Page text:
Five priorities for tomorrow’s Spring Statement
Ibec, the group that represents Irish business, has identified five key priorities for tomorrow’s Spring Statement, including cuts to the marginal tax rate for all workers and ambitious investment in capital projects, education and innovation.
Ibec Head of Policy and Chief Economist Fergal O’Brien said: “The Government should commit to reducing the punitive marginal tax rate for all workers, actively encourage entrepreneurship and invest much more in the future of the country. This can be done while also reducing the deficit and debt levels, and prioritising a balanced recovery across different sectors and regions. Strong growth can be maintained if we manage the recovery sensibly.”
Ibec’s Spring Statement priorities:
1. Income tax:
According to the OECD our income tax system is the most progressive in the developed world. There is, however, a clear trade-off between this redistribution, people’s incentive to work and companies’ ability to attract and retain high skilled staff. The case for reducing marginal rates of tax is clear. High marginal rates of tax dis-incentivise people from taking on extra work, from increasing their skills and from working in Ireland at all. In this context, it was disappointing that the Government created a third higher rate of tax for workers in Budget 2015 by retaining a higher rate of USC for those earning over €70,000. Putatively this caps the ‘gains’ which would go to higher earners, in reality though it is damaging companies’ ability to attract and retain high skilled workers. In a new post-BEPS world it is by creating an attractive country for high skilled workers from home and abroad that Ireland will increase its productivity and subsequently grow its economy. There is no economic justification for maintaining penal income tax rates on these workers.
2. Taxation of entrepreneurship:
Policy-makers over the past decade have often lauded entrepreneurs as being central to developing indigenous firms which can compete globally. The signal we send through our tax system, however, differs greatly from the rhetoric. The Taoiseach in his recent speech at Ibec’s CEO conference acknowledged as much by referring to the higher rate of tax for the self-employed as “discriminatory”. With the higher rate of USC, the lack of an equivalent to the PAYE credit and the higher rates of CGT introduced in recent years our tax system has gone in the opposite direction to much of enterprise policy. If we are truly serious about creating a high skilled entrepreneurial economy these issues should be central to future taxation policy.
3. Capital expenditure:
We need to dramatically rampup capital spending if we are to avoid the mistakes of the past, when significant infrastructure gaps constrained growth and created bottlenecks. At the moment, however, we’re not investing nearly enough. Record low interest rates offer a once in a generation chance to invest ambitiously in the country’s future. The Government should commit to spending 4% of GDP on infrastructure by 2020. Housing under supply in key urban centres has the potential to undermine competitiveness and make it more difficult to attract and retain talented workers. The Government needs to do much more to address supply shortages. Our transport network is also far from complete. During the boom years we successfully connected Dublin to the other main cities, but there is still a job to do to better connect all of our major cities to each other. Significant infrastructure gaps also exist in health, education, energy and environmental services sectors, which should be addressed as a priority.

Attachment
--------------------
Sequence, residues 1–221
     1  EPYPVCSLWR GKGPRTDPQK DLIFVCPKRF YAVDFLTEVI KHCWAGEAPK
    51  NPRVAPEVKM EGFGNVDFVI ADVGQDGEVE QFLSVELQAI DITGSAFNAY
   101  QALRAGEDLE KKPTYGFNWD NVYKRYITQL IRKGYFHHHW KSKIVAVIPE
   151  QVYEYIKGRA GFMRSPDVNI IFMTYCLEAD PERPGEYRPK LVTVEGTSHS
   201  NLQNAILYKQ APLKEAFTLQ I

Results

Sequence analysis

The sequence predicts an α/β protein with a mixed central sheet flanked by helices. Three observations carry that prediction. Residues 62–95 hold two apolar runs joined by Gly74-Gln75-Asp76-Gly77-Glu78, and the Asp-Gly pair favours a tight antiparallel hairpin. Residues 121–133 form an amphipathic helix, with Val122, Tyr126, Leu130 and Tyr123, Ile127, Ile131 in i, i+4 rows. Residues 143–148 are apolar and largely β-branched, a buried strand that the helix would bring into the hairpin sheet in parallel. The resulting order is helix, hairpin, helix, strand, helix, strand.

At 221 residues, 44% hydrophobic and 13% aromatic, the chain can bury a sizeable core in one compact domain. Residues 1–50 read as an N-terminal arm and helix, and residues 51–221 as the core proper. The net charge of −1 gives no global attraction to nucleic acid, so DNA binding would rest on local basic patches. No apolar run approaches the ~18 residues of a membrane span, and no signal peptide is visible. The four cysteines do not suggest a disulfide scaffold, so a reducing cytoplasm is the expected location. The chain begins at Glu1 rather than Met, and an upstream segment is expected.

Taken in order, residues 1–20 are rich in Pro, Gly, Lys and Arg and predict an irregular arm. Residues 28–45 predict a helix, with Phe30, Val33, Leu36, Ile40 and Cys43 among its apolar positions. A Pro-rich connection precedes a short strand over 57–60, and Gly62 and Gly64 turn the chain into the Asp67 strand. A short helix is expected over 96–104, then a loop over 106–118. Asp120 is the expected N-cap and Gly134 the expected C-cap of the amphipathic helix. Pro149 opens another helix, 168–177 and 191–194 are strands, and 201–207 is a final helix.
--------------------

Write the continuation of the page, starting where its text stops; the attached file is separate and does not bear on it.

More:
4. Education and research investment:
The education system has an essential role to play in supporting economic growth through the development of new knowledge and the provision of skilled workers. Unfortunately Ireland has reached a tipping point in terms of the impact of recent cuts on quality in key areas and the process of reversing these cuts must begin:
- An increase in resources to support ongoing school reforms such as the literacy and numeracy strategy, changing the junior cycle and transforming maths and science curricula
- An ambitious programme of continuous professional development for teachers in recognition that teaching quality is the greatest influence on student outcomes
- A robust financing model and a process of reversing recent cuts in higher education funding to address quality and future demand • A rebalancing of investment priorities in the forthcoming National Skills Strategy towards in-employment development programmes (e.g. Skillnets) and training programmes with demonstrable labour market outcomes (e.g.apprenticeships)
- An ambitious long-term vision for science, technology and innovation funding by resetting the R&D intensity target to 3% of GDP in line with the Europe 2020 strategy.
5. Public sector pay:
Public sector workers have made a central contribution to Ireland’s fiscal recovery through pay reductions, productivity and their ongoing commitment to the delivery of public services. As economic circumstances improve it is appropriate that public sector pay rates should be reviewed. The process must take into account the following factors:
- the State’s limited ability to finance pay increases, despite the emergence of economic recovery
- relative pay levels in the public and private sectors, and international competitiveness issues
- the need for pay differentiation within the public sector which reflects labour market circumstances
- the need to deliver OECD recommended pension reforms.